Yet another Sydney transport infrastructure project — $5.3 billion underground CBD Metro — is about to be snuffed.
The death sentence was contained in a brief statement from the Premier’s office reported in the SMH, which despite its problems, has been nailing the issues that a weak government and opposition try to confine to point scoring one-liners rather than expose themselves to the political risks that will arise from candid public discussions.
One of the few growth industries in Sydney is proposing and cancelling public transport projects. The NSW government has probably generated and spiked more plans for heavy rail and light metros than the great public transport cities of the world have built since the early 19th century.
The bills, for consultants, and the career public authority planners, engineers and lawyers who do nothing but massage these ritual bonfires of public monies, could have generated real wealth, and built a model city, and spectacularly influenced the national economy and its construction and design skills and resources for the better. But that isn’t the Sydney way, which is that of helpless, institutionalised failure.
This is not just about Sydney’s decline towards a future as a giant dementia farm in which the second largest economic activity will be social welfare for those who can still remember who they are.
It is about the transfer of business activity, remnant manufacturing, and the warehousing and distribution of imports (that are Ponzi funded by consumer debt that expands faster than consumption) to the less topographically and administratively disadvantaged super cities of Melbourne and Brisbane in the rest of this century.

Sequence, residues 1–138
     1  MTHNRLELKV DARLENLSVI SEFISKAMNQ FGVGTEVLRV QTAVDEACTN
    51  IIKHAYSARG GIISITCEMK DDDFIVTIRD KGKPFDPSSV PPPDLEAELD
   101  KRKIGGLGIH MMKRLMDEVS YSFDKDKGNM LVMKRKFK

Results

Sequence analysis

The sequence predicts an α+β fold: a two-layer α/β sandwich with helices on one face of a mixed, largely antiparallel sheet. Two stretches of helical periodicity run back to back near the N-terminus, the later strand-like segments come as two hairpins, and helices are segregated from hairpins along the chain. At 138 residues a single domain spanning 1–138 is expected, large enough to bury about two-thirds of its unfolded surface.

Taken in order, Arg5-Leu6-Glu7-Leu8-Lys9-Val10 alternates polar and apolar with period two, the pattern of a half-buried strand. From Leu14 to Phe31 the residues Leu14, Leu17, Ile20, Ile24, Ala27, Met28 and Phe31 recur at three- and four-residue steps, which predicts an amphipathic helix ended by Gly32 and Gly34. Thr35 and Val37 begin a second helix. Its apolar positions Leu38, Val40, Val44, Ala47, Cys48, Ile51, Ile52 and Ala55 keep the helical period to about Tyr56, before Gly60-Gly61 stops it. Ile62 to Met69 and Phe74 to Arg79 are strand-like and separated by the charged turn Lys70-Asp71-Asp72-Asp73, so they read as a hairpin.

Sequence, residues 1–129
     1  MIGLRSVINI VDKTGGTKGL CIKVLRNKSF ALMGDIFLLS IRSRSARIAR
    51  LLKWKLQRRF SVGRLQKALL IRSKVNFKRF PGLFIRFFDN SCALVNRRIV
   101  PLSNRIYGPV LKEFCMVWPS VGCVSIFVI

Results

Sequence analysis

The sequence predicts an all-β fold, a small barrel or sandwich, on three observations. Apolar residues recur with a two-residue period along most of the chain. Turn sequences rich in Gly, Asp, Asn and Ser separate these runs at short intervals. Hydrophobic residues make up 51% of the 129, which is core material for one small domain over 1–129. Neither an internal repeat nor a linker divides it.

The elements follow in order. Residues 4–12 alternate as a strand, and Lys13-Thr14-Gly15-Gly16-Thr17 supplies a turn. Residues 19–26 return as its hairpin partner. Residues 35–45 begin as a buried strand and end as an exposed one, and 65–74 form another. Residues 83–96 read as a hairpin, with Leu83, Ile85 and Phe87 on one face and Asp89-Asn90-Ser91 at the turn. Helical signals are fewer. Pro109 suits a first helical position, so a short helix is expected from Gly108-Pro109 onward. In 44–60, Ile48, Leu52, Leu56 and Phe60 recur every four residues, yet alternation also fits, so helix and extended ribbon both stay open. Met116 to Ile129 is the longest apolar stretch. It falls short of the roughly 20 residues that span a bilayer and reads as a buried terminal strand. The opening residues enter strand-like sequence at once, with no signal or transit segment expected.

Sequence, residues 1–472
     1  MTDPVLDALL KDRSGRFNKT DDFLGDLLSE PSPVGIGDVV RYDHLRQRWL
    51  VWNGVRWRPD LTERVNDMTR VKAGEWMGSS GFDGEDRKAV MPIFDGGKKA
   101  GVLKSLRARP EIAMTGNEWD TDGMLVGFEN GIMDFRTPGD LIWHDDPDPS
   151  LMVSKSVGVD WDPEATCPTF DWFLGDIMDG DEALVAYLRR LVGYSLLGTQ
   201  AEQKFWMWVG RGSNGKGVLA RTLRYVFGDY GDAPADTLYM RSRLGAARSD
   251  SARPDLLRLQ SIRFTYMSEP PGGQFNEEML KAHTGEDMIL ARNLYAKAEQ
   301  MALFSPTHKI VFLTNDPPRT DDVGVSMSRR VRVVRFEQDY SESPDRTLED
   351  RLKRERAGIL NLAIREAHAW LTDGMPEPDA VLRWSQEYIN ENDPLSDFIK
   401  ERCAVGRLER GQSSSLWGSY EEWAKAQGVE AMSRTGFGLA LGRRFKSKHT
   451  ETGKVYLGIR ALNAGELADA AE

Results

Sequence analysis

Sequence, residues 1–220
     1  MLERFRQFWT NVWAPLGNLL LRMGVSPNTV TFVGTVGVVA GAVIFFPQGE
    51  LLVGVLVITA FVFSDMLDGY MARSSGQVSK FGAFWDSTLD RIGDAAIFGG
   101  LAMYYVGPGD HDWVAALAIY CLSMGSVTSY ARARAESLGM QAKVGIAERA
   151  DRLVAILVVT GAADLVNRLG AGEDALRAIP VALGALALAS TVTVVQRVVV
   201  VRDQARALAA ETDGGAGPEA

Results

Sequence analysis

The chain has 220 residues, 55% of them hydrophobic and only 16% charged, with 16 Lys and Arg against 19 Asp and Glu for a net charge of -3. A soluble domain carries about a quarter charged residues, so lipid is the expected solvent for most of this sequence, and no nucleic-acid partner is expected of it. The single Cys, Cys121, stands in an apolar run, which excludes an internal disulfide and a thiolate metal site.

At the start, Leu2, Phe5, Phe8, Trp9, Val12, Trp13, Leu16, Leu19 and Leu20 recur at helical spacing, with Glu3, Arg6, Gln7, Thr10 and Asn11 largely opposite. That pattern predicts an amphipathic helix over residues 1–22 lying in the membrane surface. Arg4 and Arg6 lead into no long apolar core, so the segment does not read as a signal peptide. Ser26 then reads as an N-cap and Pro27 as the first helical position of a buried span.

A prominent Australian rang me yesterday to enthuse over the federal government’s decision not to build a second Sydney airport at Badgery’s Creek. “Ben, Albanese is a genius. He doesn’t want 7 million people in Sydney by the end of the century. He wants them somewhere else.”
He has a point. If Sydney is going to be an impossible place to do business, why help it waste money on a second airport. Just turn the land into another industrial and residential wasteland, devoid of the air and rail connections, social infrastructure and port connections that are critical to its sustainability. Take the Badgery’s Creek real estate money and run. The smart investors will find those parts of Australia where things actually come together in terms of costs and infrastructure.
The elderly and unemployed don’t need metros. Or jets. Just handouts, in one big, poor and dysfunctional sprawl, lost in obscurity between the major centres of late 21st century Australia, stretching from Geelong to beyond Cranbourne in the Melbourne metroplex, and from the Gold Coast to Sunshine coast and inland to Amberley or beyond around Super BrisVegas.